A 365-Day Project
"We Are All Mozart"
A project to create
The internet story is a commonplace. But what isn't evident is how deeply the internet (along with other technology) has expanded the lives of composers, this composer in particular. It probably saved my life, and I recount it here at the request of composer Alex Shapiro.
Let me take you back to Trenton, New Jersey, 1978. Trenton was an old industrial city, still marked by the riots of the late 1960s. City planners had created a car-free main street in 1974 in hopes of revitalizing the downtown. To celebrate that fine new open space, a group of us created the first Delaware Valley Festival of the Avant-Garde (succeeded many years later by the Trenton Avant-Garde Festival). This was the post-Fluxus era. Most of us (there were originally 16 artists in Trans/Media, eventually growing to nearly 40) felt liberated from the terribly serious in-your-faceness of those Fluxus artists. One of us taught Kindergarten, another worked as a librarian, another for McDonald's, one was in and out of jail. I drove a delivery truck.
We freely traveled to do art events and radio interviews in New York and Philadelphia, and gave two more festivals of our own. During those years, my performance time was also spent in New York, where I worked with the Judith Scott Dance Company as musician and dancer, made the electronic jewelry that David van Tieghem used in his percussion performances, played my own pieces in Charlotte Moorman's New York Avant-Garde Festivals and sat in with many other artists, and generally was a peripheral but constant member of the New York scene. The late 1970s were about to be breakout times for artists like Laurie Anderson (who I wasn't to meet again for over 20 years) and Philip Glass. Our organization gave and sponsored hundreds of concerts, and at the New Jersey State Museum, I co-produced events by Phill Niblock, Joseph Celli, Mabou Mines, Jane Cooper, David Behrmann, Mimi Garrard, David Gibson, Ethridge Knight, Jackson MacLow, and our own Dashuki Music Theatre.
By 1978, everything felt possible. Arts money was still flowing in a constant stream, if not a river. And then Charlotte lost her funding for the last New York Avant-Garde Festival. It was a sign, and at age 29, certain that my composition was strong enough that work could be done just as effectively from 350 miles away as it had been from 50 miles away, I moved from Trenton to the tiny town of Roxbury, Vermont.
Now let me take you back to Roxbury, Vermont, 1978. The town had dwindled to a population of 330 in its 42 square miles. It had a two-room schoolhouse, a country store, two churches, a post office, a town hall. There were farmers, woodcutters, local university professors (we were seven miles from Norwich University, a military school), mechanics, tinkerers, layabouts. To reach anyone in town by phone, just four numbers needed be dialed. Summer temperatures hardly touched 95°F, winter temperatures dropped to near -40°F. Spring was awash in mud. The rent for the first floor of a large village house was $85 per month, plus heat and utilities. It seemed ideal.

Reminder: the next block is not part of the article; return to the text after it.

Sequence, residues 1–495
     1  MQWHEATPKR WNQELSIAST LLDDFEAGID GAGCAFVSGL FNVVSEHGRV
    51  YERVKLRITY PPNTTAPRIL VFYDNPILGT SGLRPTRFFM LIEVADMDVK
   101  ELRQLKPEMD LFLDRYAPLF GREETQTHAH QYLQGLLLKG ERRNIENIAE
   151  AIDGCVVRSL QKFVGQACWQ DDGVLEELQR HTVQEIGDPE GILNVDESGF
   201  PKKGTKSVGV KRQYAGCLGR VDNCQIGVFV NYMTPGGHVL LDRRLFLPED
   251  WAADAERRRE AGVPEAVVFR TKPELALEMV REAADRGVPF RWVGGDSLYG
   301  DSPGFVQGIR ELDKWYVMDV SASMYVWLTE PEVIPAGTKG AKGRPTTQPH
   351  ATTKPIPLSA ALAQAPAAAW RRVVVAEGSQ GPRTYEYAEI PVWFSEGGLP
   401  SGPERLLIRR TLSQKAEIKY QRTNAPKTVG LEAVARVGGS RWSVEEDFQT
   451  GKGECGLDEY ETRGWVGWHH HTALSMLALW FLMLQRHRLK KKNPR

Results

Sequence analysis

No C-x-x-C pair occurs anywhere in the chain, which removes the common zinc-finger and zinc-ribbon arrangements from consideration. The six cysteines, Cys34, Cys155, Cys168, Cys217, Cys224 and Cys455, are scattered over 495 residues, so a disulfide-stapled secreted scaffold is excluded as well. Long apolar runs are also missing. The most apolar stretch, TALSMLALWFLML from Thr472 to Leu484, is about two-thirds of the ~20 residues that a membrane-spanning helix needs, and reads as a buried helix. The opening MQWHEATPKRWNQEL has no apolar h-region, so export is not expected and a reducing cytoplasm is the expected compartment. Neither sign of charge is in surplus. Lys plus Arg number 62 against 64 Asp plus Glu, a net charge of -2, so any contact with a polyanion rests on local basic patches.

Instead, it was hell, a cold hell. For a composer, it was a colder hell. For a technology enthusiast, it was absolute zero, frozen in time.
The snow piled up that first winter. A few charming inches, then one foot, two feet, three feet, more. I was shoveling it into piles over my head. Burning limbwood in an Ashley stove because a local character figured he'd unload some fast-burning hardwood on the down country folks. Thawing pipes in the crawl space under the house with a torch. Listening to the child upstairs jump endlessly up and down. Accidentally burning the wool rug with coals fallen from the stove. Hearing the roar of a chimney fire that was put out just in time. Having two old cars -- a Valiant and an Impala -- that wouldn't start on the worst mornings. Watching bills going unpaid. Feeling despair creeping in under the doorsills.
There was no money to return to New Jersey. Through the first winter, we made the best of it. David Gunn moved to town shortly afterward, but following a poorly attended and misunderstood debut concert (including Not Vermont Hardware), he was gone by April (on April Fool's Day, when I dumped some oil below the engine of his Colt, and he flew into a car-kicking rage. He never did like that Colt.) We planted gardens in spring, and I looked for work. The town shrank more. The Catholic Church closed. The United Church closed.
My New York and New Jersey friends had fallen away in just months, as simple geography trumped artistic collegiality. I was stranded in oblivion. Cities are cruel. Because they contain so much, they become walled in by attitude. The country looks to the city, but the opposite rarely happens. We become objects of amusement, material for John Cleese or Bob Newhart or settings for rural paeans or slightly twisted films such as Wolf, whose scene-setting was done in Roxbury.
Having at last found work as an office typist, I also had access to a copying machine, and via free classifieds in an old magazine called On_Line (from the term for a device being connected and available), began to offer update sheets to the hardware and software of my small computer, which came with me from New Jersey. I was continuing to make circuit changes and software developments that advanced my composition, including an interface to my old synthesizer, and various handmade devices.